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The constitutional crisis in the United States reached its final innings Thursday, when seven impeachment managers from the House of Representatives walked to the Senate and solemnly read out charges of abuse of power against President Donald Trump. Mr. Trump’s trial in the Senate will begin in earnest on Tuesday. What a disaster it will be.

The President has wavered between drooling at the prospect of a trial, at which he hopes to put his accusers on the stand and expose what he never stops calling a “hoax” and a “witch hunt," and so fearing the outcome that, last Sunday, he called on Republican senators to dismiss the charges before any testimony is given.

The senators didn’t oblige him, but not because of a desire to defend the Constitution in a non-partisan way. Republicans just didn’t have the votes, which means they must now sit through the tedium of testimony and evidence before obediently using their majority to acquit their President.

The trial will be terribly damaging to the United States. It will amplify the divisive and blindly partisan onslaught of vitriol that already dominates the news cycle 24 hours a day, and its scars will linger for years. The U.S. is a country that is still bitterly arguing over the impeachment, 22 years ago, of a president who lied about having sex with an intern; Mr. Trump’s case is guaranteed to have an even longer afterlife.

But the harm done to the truth will be even greater. When the trial is over, and a President who is a pathological liar has received the acquittal he craves, it will more difficult than ever to know what is true and what is false in U.S. politics.

Think about it. There is a remarkable amount of compelling evidence that Mr. Trump pressed the Ukrainian government to interfere with the 2020 U.S. election in exchange for the release of much-needed military aid, and that he tried to obstruct Congress’s investigation into the matter.

The evidence is so outsized that more just keeps bubbling up. On Thursday, a key player in the backdoor effort to get the Ukrainian President to falsely state that his government was investigating Joe Biden, one of Mr. Trump’s potential Democratic opponents in the election in November, claimed Mr. Trump was in on the conspiracy.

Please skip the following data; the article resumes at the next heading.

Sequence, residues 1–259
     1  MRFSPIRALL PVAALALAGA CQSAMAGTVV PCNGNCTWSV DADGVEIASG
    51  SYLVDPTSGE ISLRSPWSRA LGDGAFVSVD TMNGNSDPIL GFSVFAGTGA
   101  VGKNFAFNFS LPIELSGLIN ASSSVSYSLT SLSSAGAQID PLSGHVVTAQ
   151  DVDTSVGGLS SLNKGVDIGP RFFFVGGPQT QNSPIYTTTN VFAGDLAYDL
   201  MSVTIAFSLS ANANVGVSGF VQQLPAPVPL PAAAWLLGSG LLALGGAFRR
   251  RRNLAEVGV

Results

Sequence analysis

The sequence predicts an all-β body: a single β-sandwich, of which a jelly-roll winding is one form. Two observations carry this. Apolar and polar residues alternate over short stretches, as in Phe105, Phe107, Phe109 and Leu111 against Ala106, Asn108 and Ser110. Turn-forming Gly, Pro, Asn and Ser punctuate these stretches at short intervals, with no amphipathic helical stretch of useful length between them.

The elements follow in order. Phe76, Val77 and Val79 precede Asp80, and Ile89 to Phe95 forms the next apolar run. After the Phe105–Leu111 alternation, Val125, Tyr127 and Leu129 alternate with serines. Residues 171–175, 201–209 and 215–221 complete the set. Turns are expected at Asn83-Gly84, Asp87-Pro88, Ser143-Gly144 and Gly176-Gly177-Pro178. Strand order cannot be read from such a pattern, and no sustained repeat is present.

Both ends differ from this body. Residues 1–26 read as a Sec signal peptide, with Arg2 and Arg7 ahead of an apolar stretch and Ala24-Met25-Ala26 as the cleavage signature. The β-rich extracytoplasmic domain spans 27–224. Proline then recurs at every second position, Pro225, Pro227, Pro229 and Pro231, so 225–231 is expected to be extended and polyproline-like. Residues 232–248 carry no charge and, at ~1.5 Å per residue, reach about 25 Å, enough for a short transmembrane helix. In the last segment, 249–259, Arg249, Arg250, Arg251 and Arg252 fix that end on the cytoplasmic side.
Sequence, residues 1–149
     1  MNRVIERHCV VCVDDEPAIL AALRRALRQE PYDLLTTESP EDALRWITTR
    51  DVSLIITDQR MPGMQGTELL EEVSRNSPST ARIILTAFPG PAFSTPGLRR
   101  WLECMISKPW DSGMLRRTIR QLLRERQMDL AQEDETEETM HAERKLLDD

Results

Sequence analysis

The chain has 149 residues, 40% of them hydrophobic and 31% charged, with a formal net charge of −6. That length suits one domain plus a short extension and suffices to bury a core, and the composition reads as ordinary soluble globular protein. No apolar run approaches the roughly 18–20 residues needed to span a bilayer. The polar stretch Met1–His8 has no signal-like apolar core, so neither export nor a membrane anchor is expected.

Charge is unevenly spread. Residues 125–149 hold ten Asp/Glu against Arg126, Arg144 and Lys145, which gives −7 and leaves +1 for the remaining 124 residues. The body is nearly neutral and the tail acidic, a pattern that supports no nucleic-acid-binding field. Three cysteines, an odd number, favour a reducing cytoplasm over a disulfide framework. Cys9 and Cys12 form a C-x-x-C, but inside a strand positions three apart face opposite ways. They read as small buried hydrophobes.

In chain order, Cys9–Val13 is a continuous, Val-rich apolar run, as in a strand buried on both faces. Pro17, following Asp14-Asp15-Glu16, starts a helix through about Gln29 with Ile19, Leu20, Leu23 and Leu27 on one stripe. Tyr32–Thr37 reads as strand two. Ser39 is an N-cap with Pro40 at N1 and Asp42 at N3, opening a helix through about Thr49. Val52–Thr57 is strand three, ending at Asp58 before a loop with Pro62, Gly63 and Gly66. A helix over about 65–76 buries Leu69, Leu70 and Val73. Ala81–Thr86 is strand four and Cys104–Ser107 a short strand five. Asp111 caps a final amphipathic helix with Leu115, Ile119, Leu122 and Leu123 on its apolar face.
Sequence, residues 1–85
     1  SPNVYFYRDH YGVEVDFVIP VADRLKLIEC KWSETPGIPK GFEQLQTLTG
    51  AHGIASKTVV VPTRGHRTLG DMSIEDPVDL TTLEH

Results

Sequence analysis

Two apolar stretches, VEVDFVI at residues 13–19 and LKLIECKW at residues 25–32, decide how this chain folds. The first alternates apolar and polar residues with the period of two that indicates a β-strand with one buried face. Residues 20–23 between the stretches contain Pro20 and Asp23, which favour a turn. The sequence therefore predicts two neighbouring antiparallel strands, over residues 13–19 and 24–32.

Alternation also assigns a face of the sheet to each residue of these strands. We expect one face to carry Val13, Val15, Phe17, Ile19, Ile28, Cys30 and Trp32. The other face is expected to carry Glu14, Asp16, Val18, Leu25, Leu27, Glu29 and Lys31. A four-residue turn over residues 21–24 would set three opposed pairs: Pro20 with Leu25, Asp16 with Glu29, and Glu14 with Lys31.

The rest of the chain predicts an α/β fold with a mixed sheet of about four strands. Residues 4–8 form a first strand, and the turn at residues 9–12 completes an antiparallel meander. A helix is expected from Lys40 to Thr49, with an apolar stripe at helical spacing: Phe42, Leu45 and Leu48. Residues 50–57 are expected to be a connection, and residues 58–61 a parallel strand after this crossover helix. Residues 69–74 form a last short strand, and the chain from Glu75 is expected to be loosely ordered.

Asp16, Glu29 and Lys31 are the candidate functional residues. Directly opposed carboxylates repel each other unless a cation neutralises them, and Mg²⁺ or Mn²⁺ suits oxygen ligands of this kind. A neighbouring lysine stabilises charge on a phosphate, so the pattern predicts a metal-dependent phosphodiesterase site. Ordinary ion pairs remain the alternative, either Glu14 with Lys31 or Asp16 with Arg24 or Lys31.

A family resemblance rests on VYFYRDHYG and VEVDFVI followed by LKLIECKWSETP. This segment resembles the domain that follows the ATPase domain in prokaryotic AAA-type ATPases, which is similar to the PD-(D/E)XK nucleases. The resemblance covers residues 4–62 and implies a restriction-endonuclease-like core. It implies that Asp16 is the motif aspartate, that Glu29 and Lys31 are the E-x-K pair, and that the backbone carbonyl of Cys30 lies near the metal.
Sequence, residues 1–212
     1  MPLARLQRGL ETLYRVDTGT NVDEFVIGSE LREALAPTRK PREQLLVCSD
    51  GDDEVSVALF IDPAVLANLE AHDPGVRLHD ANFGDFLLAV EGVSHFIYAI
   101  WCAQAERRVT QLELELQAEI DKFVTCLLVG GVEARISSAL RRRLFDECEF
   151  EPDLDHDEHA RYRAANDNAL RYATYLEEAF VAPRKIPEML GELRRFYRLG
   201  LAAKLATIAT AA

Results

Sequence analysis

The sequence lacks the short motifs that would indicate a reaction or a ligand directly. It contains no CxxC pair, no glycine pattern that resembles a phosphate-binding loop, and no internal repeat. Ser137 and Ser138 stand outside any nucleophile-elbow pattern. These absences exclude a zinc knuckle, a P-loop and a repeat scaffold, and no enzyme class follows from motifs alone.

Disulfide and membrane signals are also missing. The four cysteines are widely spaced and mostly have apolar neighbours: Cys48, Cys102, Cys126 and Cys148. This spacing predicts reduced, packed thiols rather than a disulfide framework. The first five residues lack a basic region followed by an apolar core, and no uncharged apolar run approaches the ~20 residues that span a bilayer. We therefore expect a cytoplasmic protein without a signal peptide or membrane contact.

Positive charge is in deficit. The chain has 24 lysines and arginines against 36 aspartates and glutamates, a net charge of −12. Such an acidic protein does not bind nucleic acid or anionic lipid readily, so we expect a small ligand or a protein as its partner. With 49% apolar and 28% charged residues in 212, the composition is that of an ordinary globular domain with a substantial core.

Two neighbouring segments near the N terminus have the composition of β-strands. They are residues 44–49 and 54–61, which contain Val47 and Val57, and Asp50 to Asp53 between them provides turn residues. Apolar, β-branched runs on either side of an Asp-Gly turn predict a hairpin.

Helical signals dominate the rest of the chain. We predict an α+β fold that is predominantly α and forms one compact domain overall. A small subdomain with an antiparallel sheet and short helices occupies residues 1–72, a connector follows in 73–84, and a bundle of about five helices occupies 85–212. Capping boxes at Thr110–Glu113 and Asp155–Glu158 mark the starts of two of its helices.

Lev Parnas has turned over documents and text messages implicating Mr. Trump and the President’s personal lawyer, Rudy Giuliani. The Ukrainian government has since announced an investigation into the possibility, based on Mr. Parnas’s texts, that Mr. Trump’s allies were illegally surveilling Marie Yovanovitch, the former U.S. ambassador to Ukraine who was fired by the Trump administration.

Not only is there a burgeoning quantity of evidence that has been corroborated by independent sources, but the White House has also never given the public a credible defence of the President’s actions.

Its only counterpunch, led by Mr. Trump on his tsunami of a Twitter feed, has been the febrile argument that all the evidence against the President – every single bit of it – is the invention of his enemies.

What this means is that the trial is likely to produce a compelling, even incontrovertible, case that Mr. Trump tried to squeeze a foreign leader into messing with a U.S. election, yet finish with the Republican-dominated Senate nevertheless summarily acquitting the President. The GOP senators’ decision will be no more sophisticated than a seal clapping its flippers in exchange for a herring.

The final act will involve an all-caps barrage from Mr. Trump, revelling in the acquittal as proof that his impeachment was nothing more than a Democratic hoax.

That will be a disaster – a exclamation point on the Trump era of disinformation, in which fact and evidence are being swamped by lies and mindless partisanry.

There are other possible, less likely, outcomes. One would involve Republican senators facing up to the facts and censuring the President for his actions, even if they refuse to remove him from office.

Another one would see Mr. Trump’s lawyers address the evidence head-on and at least attempt to present a convincing case for acquittal, one the public might be able to swallow. In either of those instances, Mr. Trump’s fate would be left to the best judge and jury of all: the voters.

But the likely outcome is a partisan joke that will leave a country already awash in fake news united on only one thing: that the truth, as Mr. Trump might put it, is for losers.